How do law schools even KNOW YOUR RACE?

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20121109
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Re: How do law schools even KNOW YOUR RACE?

Postby 20121109 » Fri Dec 03, 2010 9:10 pm

d34dluk3 wrote:
GAIAtheCHEERLEADER wrote:
d34dluk3 wrote:How about instead of me discriminating against you or you discriminating against me, we just stop doing it.


You're killing me, D.

You know the racial equality will persist if left alone. Doing nothing is an acceptance of the status quo.

I'm not saying do nothing in general. I'm saying the way to address discrimination is to eradicate it, not introduce more.

Absolutely do whatever has to be done to make housing, education, etc. stop discriminating against certain races. But don't add more discrimination to the mix and act like it solves anything.


I generally agree with this....but such reform needs to be MASSIVE, and thus is kind of unrealistic given our current social institutions.

Affirmative action is merely a means to an end, not the end itself.

But I don't think its effects are pure illusion.

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NZA
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Re: How do law schools even KNOW YOUR RACE?

Postby NZA » Fri Dec 03, 2010 9:11 pm

LAWLAW09 wrote:The injustices that result from a lack of minority representation in law-related fields are largely the product of actions committed by Whites. (Judges, prosecutors, pd, jurors are all predominantly and overwhelmingly White).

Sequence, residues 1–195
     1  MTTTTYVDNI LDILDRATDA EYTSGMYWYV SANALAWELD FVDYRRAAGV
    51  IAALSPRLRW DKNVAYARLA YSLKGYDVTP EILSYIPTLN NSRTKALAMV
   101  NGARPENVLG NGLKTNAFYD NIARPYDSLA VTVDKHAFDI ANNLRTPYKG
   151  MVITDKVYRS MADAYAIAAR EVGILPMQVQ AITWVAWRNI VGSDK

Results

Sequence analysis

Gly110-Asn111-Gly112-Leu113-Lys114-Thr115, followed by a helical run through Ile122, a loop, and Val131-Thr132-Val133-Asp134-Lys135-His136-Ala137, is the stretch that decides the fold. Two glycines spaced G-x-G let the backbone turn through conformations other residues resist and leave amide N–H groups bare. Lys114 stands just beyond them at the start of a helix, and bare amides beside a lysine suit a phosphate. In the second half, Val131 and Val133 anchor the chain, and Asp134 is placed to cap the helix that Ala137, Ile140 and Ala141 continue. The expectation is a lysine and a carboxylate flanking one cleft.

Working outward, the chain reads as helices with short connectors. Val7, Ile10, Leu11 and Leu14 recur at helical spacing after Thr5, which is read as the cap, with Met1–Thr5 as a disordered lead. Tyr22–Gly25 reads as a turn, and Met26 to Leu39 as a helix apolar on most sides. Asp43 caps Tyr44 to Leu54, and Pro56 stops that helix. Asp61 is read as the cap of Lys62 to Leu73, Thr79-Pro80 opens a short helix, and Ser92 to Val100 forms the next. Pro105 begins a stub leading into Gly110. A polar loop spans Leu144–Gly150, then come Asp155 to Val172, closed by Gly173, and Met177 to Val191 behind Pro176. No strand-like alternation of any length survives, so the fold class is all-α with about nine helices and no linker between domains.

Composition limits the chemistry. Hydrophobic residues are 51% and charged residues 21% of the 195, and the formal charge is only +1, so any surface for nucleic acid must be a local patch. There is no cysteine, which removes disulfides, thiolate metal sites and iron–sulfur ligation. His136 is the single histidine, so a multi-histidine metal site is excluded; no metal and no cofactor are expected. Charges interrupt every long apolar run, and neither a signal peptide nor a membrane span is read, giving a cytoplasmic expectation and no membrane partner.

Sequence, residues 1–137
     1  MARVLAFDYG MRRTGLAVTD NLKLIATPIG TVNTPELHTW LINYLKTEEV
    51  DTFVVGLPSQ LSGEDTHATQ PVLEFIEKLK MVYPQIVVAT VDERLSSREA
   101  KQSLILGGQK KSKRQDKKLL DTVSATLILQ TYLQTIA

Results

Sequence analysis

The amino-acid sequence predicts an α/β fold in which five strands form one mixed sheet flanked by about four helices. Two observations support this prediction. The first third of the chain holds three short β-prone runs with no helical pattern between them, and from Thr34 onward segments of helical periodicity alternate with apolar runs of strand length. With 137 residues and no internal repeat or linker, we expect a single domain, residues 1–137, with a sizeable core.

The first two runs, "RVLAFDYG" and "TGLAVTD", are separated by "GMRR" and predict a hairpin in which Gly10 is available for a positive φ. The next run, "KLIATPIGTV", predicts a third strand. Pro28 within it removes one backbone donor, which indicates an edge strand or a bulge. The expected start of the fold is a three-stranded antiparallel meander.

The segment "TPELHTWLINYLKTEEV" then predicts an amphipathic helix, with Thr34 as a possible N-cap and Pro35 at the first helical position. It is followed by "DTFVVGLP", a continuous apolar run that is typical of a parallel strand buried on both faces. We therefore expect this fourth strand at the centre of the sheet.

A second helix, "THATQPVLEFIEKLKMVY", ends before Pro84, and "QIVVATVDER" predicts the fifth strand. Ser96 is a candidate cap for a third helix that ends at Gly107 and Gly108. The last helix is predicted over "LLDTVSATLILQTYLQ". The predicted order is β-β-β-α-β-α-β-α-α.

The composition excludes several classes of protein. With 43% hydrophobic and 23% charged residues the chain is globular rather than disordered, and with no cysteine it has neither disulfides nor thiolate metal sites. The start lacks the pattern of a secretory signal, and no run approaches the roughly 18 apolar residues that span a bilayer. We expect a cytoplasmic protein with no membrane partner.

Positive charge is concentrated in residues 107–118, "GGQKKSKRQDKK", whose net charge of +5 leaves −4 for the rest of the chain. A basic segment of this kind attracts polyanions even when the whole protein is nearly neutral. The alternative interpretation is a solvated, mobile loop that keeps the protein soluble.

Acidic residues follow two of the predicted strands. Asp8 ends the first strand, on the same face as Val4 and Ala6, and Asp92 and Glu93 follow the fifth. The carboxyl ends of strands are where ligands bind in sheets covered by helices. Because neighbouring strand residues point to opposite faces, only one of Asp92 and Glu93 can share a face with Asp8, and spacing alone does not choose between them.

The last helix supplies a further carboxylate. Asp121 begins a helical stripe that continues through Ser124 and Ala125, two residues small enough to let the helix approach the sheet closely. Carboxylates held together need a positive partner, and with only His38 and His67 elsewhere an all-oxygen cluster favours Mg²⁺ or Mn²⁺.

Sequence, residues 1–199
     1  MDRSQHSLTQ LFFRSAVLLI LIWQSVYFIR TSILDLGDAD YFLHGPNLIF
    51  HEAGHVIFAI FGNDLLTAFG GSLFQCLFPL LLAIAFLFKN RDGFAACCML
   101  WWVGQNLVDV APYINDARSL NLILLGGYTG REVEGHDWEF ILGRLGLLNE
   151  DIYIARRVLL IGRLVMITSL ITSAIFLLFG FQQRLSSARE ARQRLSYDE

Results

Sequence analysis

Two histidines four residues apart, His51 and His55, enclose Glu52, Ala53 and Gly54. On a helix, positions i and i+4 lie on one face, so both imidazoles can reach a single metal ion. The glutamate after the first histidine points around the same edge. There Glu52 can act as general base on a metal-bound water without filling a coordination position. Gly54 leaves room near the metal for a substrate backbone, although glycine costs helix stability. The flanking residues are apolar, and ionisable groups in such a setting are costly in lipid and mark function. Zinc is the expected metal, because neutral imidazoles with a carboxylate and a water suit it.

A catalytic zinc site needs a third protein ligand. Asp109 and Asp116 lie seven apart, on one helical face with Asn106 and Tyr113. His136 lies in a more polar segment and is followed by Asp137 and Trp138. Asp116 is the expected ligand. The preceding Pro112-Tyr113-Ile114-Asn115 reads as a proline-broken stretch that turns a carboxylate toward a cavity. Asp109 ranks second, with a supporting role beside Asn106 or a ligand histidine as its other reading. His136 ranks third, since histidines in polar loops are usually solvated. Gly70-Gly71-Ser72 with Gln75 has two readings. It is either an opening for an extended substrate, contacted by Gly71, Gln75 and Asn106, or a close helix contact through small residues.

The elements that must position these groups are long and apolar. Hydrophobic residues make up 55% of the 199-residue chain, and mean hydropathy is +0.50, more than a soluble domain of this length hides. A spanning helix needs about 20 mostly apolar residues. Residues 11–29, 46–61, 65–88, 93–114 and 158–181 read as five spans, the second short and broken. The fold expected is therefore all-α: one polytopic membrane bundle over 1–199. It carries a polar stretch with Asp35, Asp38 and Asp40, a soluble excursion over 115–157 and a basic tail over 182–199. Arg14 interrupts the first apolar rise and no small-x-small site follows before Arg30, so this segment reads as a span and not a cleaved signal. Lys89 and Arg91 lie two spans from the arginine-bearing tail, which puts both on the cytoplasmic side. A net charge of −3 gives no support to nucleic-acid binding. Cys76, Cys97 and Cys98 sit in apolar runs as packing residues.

That depends on what city you're in.

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Re: How do law schools even KNOW YOUR RACE?

Postby d34d9823 » Fri Dec 03, 2010 9:12 pm

LAWLAW09 wrote:
GAIAtheCHEERLEADER wrote:
d34dluk3 wrote:How about instead of me discriminating against you or you discriminating against me, we just stop doing it.



How about you ask something similar to your white colleagues at the school you end up attending?


The injustices that result from a lack of minority representation in law-related fields are largely the product of actions committed by Whites. (Judges, prosecutors, pd, jurors are all predominantly and overwhelmingly White) Something tells me that's a fight or question you don't plan to address or take up with them.

Under-representation is a problem b/c those who are over-represented, historically and presently are unable and unwilling to act in a manner that leads to more fairness, not less.

This is a great point.

I think these lines of reasoning are the strongest support for AA. Instead of arguing that it's fair (it's not), pointing out that society has a strong compelling interest in diversity seems really convincing.

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LAWLAW09
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Re: How do law schools even KNOW YOUR RACE?

Postby LAWLAW09 » Fri Dec 03, 2010 9:13 pm

d34dluk3 wrote:
GAIAtheCHEERLEADER wrote:
d34dluk3 wrote:How about instead of me discriminating against you or you discriminating against me, we just stop doing it.


You're killing me, D.

You know the racial equality will persist if left alone. Doing nothing is an acceptance of the status quo.

I'm not saying do nothing in general. I'm saying the way to address discrimination is to eradicate it, not introduce more.

Absolutely do whatever has to be done to make housing, education, etc. stop discriminating against certain races. But don't add more discrimination to the mix and act like it solves anything.



The path to "whatever it takes" cannot be found in a legal field that is almost exclusively all White. The fact that many of them have high gpa's and lsat scores has never, and does not change that.